yucca_filamentosaEvery garden needs focal points and a few bold plants can fill the need. Focal points draw and direct the eye around the garden and help the visitor appreciate the many textures and colors that make a garden beautiful. The careful placement of a few bold accent plants can create interest and bring excitement into the garden.

Here are five herbaceous plants that can be used as focal points in the garden. Careful positioning is especially important when using bold plants because they must attract and lead the eye while not becoming too overpowering. They are most effective when planted with plants that are dissimilar in regard to texture or color so that they stand out and catch the eye.

Native to North America, these evergreen shrub-like plants grow in large rosettes of long gray-green-sword-like leaves and produce clusters of whitish bell-shaped flowers on tall stout stems. Several species are suitable for gardens including Y. glauca, Y. filamentosa, Y. gloriosa, and Y. flaccida. Outstanding variegated cultivars are available.

Size: 3-8’ H x 2-4’ W
Bloom Time: Late spring to fall depending on the species
Light: Full sun
Soil: Average, dry to medium moist, well-drained
Hardiness: Zones 4-10 (Y flaccida zones 7-10)

Euphorbia characias ssp. wulfeniiEuphorbia characias ssp. wulfenii
A native of the eastern Mediterranean area, this upright perennial grows rapidly and forms a bushy mound with evergreen leathery blue-green leaves. Large rounded lime-green flower heads are produced in early spring for a striking effect. Long lived, pest and disease free, the plant can be grown in containers and brought indoors in cold climates. Warning: The white milky sap is poisonous and can irritate the skin.

Size: 4-5’ H x 3’ W
Bloom Time: Early spring
Light: Sun to part sun
Soil: Poor to medium, medium moist, well-drained
Hardiness: Zones 8-10

Canna x generaliscanna-australis
Grown primarily for their handsome foliage, cannas introduce a tropical note to the garden with their large, smooth, banana-like foliage, marked by prominaent veins. The leaves may be green, purple, or variegated with yellow and shades of red to pink. The flowers are produced in terminal spikes and may be red, orange, pink, or yellow. Dwarf cultivars have been produced but the most impact comes from the tall varieties. In cold climates lift and store the bulbs after the first severe frost.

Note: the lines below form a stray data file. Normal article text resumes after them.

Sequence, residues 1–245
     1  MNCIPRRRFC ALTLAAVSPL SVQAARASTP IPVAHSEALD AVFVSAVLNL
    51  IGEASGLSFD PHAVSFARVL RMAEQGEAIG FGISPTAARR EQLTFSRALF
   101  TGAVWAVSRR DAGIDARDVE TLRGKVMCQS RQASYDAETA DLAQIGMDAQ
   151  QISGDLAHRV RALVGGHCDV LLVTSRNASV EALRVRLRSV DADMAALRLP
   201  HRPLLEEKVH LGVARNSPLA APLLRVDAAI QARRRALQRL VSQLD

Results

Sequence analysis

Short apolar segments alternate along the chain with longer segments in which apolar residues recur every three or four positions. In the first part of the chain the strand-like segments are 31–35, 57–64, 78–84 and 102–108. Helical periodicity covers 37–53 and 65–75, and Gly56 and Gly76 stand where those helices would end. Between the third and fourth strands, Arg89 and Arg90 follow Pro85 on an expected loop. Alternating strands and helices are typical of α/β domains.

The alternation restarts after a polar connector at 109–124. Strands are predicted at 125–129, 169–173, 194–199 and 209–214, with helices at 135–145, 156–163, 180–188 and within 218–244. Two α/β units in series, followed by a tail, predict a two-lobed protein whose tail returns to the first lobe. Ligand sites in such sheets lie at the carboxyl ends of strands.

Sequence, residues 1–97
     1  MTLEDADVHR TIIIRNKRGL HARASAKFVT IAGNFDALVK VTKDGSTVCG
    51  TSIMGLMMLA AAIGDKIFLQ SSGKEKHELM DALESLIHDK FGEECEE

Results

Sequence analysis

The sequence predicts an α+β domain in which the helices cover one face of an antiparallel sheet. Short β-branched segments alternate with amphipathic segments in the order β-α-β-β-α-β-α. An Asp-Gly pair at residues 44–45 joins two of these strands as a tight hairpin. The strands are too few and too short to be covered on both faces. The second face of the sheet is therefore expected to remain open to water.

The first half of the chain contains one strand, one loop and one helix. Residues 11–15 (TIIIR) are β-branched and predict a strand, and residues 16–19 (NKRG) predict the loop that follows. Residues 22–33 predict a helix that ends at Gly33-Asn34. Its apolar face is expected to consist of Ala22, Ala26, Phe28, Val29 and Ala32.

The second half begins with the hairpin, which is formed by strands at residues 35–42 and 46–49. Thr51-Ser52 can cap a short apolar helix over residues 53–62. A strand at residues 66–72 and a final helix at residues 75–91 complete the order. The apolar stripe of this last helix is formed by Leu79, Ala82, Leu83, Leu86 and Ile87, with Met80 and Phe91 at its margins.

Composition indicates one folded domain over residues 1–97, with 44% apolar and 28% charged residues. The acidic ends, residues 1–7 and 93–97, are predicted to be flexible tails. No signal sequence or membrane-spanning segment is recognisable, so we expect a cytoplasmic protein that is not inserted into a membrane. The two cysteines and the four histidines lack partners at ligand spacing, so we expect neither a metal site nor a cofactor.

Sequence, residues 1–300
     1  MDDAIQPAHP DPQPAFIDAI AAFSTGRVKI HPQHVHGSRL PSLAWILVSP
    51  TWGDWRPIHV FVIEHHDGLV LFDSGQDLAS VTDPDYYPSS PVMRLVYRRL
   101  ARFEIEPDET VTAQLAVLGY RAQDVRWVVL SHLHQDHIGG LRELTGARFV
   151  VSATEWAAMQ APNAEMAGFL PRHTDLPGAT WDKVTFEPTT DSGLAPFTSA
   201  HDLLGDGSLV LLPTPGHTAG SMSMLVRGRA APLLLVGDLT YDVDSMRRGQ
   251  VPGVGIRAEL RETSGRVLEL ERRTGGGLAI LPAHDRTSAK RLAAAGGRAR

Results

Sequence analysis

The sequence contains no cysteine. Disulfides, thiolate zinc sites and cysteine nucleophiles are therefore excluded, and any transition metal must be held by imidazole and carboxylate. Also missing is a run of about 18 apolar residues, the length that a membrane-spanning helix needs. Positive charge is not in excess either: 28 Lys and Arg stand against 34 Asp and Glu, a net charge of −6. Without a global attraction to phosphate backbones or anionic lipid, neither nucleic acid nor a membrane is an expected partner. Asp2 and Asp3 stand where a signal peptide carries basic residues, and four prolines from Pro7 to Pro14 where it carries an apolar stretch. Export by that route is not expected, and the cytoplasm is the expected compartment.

Size: 1.5-9’ H x 1.5-3’ W
Bloom Time: Summer
Light: Full sun
Soil: Fertile, medium moist, well-drained
Hardiness: Zones 8-10

Mullein (Verbascum phlomoides)verbascum_phlomoides 3
This biennial mullein produces a large rosette of rounded downy grey leaves its first year. And in the second year sends up a branching stem of densely packed bright yellow flowers. Known for its long bloom time lasting many weeks. Plants readily self-seed and the seedlings that result grow taller than ones transplanted into the garden.

Size: 4-6’ H x 30” W
Bloom Time: Summer
Light: Full sun
Soil: Light, dry to medium moist, well-drained
Hardiness: Zones 5-9

Leopard Plant (Ligularia dentata)Ligularia-dentata_
For moist conditions, this perennial from Japan and China, is especially valuable. It forms large clumps of huge, leathery, dark-green kidney-shaped leaves borne on long stalks. Loose clusters of  bright orange t0 yellow daisy-like flowers two the three inches across are produced on branched cormbs above the foliage in early summer. The plants are worth growing just for the foliage. ‘Desdemona’ has  leaves with dark purple undersides and is more compact than the species.Garden Design pointer

Size: 3-4’ H x 2-3’ W
Bloom Time: June to July
Light: Part to full shade
Soil: Humusy, medium to wet (plant must never dry out)
Hardiness: Zones 3-8

By Karen